OARS Deep Sewer Tunnel

In an effort to reduce combined sewer overflows, the City of Columbus and the State of Ohio initiated the OSIS (Olentangy Scioto Interceptor Sewer) Augmentation Relief Sewer, known as OARS, a project involving the construction of a sewer tunnel to intercept wet weather overflows and redirect them to wastewater treatment plants instead of the Scioto River. Challenges were encountered when tunneling through karst limestone as water flowed through freely, dulling the discs, and preventing the contractor from dewatering and initiating interventions. A grouting campaign was also unsuccessful as the ground was too porous.

Scope of Work
As part of the needed interventions, Ballard set up for “wet” diving requiring an understanding of known safe working times and pressures. Calculations for breathing gas volumes were done, and emergency reserves were considered. A very large volume of high-pressure cylinders of breathing air was assembled and connected via manifolds. The Tunnel Boring Machine (TBM) had man locks which provided access to a working chamber. Through this area, the excavation chamber was entered through either a door at the twelve or nine o’clock position. The pressure in the working chamber was set to the hydrostatic pressure of the midway point between the two doors. A valve was then opened near the nine o’clock door leading into the excavation chamber. This allowed the area to flood until the water reached the midway point between the doors. Teams of commercial divers entered through the man locks where they were compressed to the same pressure as the working chamber. Upon entering the space, they donned diving gear and enter the water. The nine o’clock door was opened, and the divers swam into the excavation chamber to perform work.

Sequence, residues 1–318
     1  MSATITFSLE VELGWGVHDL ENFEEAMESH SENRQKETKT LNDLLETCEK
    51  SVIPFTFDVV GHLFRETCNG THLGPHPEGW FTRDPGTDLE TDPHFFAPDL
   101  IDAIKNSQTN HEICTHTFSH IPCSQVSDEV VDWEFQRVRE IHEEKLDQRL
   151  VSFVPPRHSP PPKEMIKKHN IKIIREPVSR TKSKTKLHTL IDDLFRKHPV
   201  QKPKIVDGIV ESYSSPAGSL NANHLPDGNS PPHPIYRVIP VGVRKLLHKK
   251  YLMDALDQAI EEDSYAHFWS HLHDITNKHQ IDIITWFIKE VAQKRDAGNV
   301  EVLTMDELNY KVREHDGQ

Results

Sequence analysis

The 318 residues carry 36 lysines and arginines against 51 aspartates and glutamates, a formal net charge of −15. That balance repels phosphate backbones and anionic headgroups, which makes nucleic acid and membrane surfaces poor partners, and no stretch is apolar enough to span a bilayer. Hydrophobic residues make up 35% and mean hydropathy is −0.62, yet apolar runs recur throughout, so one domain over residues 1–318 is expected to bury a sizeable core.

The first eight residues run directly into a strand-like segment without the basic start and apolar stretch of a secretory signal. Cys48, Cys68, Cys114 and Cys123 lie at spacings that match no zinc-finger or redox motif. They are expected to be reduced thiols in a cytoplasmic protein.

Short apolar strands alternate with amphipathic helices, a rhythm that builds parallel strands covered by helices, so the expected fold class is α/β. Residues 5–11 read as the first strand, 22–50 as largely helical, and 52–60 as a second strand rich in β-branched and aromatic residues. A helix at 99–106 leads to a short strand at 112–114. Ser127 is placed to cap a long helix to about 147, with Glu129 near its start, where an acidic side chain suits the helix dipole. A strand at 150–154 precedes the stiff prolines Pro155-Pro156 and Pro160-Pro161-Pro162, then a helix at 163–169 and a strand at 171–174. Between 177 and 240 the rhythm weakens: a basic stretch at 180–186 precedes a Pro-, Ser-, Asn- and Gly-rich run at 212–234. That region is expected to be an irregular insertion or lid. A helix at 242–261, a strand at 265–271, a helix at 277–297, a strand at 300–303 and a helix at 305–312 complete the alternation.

Innovative Solutions
The potential for a diver to become pinned by a falling cutter was of high concern. This meant that a finite volume of breathing gas would not suffice should a long-term rescue become necessary. A commercial diving compressor was reconfigured, so it would fit under the TBM’s gantries. This compressor is typically powered by a diesel engine but because it would be on the TBM, an electric motor was selected. This compressor was connected to the dive supervisor’s station at the entrance of the man lock and served as a tertiary supply, should the worst-case scenario happen. All utilities the divers would need, such as primary and secondary air, audio, and video communications with the supervisor, were run through the bulkhead into the working chamber.

The Ballard team inspected and removed cutterhead discs as necessary with hydraulic impacts. The discs were brought out and new discs were brought in using lift bags and chain falls. OARS Phase 1 consisted of a twenty-foot finished diameter, a 22,892-linear-foot-long tunnel that was 180 feet deep. The completed OARS system provides adequate storage capacity to mitigate downtown-area overflows for a ten-year level of wet weather protection and is anticipated to remove nearly two billion gallons of combined sewer overflow discharges annually.

TBM Type: Herrenknecht / Slurry Mixed Shield
Location: Columbus, OH
Pressure: 7 bar / 102 PSI


• Developed project specific hyperbaric saturation operations manual
• Wet Intervention Support
• Confined Space Diving